By Yasunari Watanabe | Image by Haroun Chahed
The 2016 presidential election in the United States proved to be tumultuous, unpredictable and relevant for people around the world.
Over the past semester, 18 students from Yale-NUS took a course on American Politics and the 2016 Presidential Election, taught by Dr Catherine Sanger, Lecturer, Social Sciences (Global Affairs) and Vice Rector of Cendana Residential College.
The course provided students with a broad overview of the institutions and ideologies of the American political system, in the context of the presidential election.
“My challenge in developing this course was to create one that would have the breadth of an introductory survey course, but enough depth that a student interested in American politics could get a deeper toehold into the field,” said Dr Sanger. The first half of the course focused on the founding ideology and primary institutions. The second half examined the presidency, particularly the elections. Students learned how parties have become polarised to understand the contentious nature of this year’s election.
Lionel Kuek (Class of 2019) decided to take the course following a Yale Summer Session in Washington, D.C. After visiting the Smithsonian museums and attending a courtroom lecture in the Supreme Court, Lionel was motivated to learn about the American political system in depth. “When this course became available, I was really excited,” he said.
The real-time nature of the election posed some challenges for Dr Sanger in designing the course. “The syllabus was developed before we knew who the candidates would be,” she said, adding that the class had to be flexible and adaptive to the election news. She added that students were expected to stay up to date with the news in their own time. “Students really had to take a lot of ownership and initiative to educate themselves about the election,” she said.
The course was centred on discussions of the readings and election news. Regina Marie Lee (Class of 2018) noted that many of the students did not have enough knowledge at the beginning of the course to apply the information, but by half-term, the class had covered the main details, and discussions were a lot more productive.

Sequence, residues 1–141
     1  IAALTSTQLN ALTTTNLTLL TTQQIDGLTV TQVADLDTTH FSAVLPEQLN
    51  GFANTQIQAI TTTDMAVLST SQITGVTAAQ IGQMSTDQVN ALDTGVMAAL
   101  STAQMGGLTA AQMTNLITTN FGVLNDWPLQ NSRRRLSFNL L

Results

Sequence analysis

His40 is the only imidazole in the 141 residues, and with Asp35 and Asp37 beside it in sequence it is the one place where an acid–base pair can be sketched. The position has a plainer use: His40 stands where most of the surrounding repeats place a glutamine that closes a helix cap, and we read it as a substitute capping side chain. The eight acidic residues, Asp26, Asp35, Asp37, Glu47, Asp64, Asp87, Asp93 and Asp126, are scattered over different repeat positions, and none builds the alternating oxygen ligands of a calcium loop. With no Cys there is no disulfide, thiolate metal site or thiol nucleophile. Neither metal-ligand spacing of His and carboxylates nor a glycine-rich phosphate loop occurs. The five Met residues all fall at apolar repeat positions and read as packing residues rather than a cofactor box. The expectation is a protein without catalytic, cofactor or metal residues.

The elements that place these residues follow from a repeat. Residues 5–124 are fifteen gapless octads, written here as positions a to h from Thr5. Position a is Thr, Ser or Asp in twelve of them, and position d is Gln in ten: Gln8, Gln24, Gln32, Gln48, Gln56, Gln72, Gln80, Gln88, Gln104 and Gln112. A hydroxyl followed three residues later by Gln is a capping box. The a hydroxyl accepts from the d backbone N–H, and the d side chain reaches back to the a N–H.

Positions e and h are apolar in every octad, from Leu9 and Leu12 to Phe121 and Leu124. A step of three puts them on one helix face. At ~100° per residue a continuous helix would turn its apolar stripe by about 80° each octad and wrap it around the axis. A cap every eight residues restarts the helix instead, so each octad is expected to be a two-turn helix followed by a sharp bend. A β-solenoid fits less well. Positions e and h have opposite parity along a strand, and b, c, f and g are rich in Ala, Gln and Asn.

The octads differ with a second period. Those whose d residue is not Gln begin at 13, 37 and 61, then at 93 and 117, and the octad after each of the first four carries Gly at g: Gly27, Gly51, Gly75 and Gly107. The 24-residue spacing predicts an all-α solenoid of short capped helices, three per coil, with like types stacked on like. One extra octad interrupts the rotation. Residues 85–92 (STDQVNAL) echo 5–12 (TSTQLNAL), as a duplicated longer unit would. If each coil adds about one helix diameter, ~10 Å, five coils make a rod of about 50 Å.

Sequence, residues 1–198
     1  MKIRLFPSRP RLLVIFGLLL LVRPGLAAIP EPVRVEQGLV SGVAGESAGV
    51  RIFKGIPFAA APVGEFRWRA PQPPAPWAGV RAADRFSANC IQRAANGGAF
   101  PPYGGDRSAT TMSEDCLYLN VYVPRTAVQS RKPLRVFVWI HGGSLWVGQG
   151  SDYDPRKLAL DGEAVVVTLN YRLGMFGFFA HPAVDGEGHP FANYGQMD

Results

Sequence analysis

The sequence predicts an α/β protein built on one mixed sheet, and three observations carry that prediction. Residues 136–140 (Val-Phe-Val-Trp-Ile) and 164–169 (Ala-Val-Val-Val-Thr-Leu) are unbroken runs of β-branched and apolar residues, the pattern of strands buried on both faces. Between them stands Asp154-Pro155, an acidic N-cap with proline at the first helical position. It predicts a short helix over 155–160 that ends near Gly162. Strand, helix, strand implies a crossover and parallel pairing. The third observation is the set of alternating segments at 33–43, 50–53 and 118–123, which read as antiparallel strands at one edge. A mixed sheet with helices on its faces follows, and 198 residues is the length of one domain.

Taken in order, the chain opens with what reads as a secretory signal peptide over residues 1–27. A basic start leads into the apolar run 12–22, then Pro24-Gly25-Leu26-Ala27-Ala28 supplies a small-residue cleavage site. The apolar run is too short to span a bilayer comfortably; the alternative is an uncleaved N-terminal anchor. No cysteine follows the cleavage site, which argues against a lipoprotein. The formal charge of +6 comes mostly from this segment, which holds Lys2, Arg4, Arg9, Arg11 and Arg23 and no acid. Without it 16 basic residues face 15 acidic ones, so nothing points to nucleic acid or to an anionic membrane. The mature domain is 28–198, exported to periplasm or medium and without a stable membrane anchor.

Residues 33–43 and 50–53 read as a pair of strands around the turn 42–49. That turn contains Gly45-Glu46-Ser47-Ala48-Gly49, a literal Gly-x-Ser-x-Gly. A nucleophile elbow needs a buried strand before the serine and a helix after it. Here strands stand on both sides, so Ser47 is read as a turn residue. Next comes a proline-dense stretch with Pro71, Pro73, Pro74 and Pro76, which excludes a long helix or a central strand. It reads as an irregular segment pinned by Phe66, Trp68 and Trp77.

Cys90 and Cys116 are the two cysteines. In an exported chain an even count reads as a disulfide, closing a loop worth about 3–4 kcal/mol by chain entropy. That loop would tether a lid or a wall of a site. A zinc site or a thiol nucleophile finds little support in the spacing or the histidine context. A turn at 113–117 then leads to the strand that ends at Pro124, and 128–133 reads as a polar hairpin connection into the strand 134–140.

The international array of voices in the class meant that students had their unique takes on the course, based on the politics of the student’s home country. “When you have a classroom filled with people from different political systems, it’s going to fundamentally enrich your understanding of the material,” said Dr Sanger.
For example, Regina recalled interesting perspectives from her British classmates who compared Britain’s parliamentary democracy with the American presidential democracy, as well as related topics like Brexit. “The insights that the participants brought were quite varied,” she said.
During the presidential and vice presidential debate screenings, as well as the final election viewing on 9 November, the sharing of perspectives was even more interesting. Led by Helena Auerswald (Class of 2019), the course participants were responsible for organising these screenings which attracted a wide spectrum of students and faculty, across different nationalities and background. “It speaks to how consequential the decisions that the American people make for their leadership are for the rest of the world,” said Dr Sanger. “It also speaks well to the global engagement we have here at Yale-NUS.”
Throughout the semester, students maintained a blog, which they populated with both original analysis and links to scholarly and non-scholarly sources. “The role of the media was a consistent theme throughout the course,” said Dr Sanger, who emphasised the importance of not just understanding the events, but also “how the sources we use influence the way we think”.
Regina said the course taught her the importance of institutional design. She found that the Singaporean political system emphasises education and encourages qualified individuals to go into public service and become politicians. American politics, however, have a system of checking power against power. “It’s not about who goes into these institutions, but once they go into these institutions, they have curbs on how they can exercise their power,” she said.
“Our students are curious and attentive and feel invested in the state of the world,” said Dr Sanger. “We aim to equip them with the skills, knowledge and compassion to do something about it.”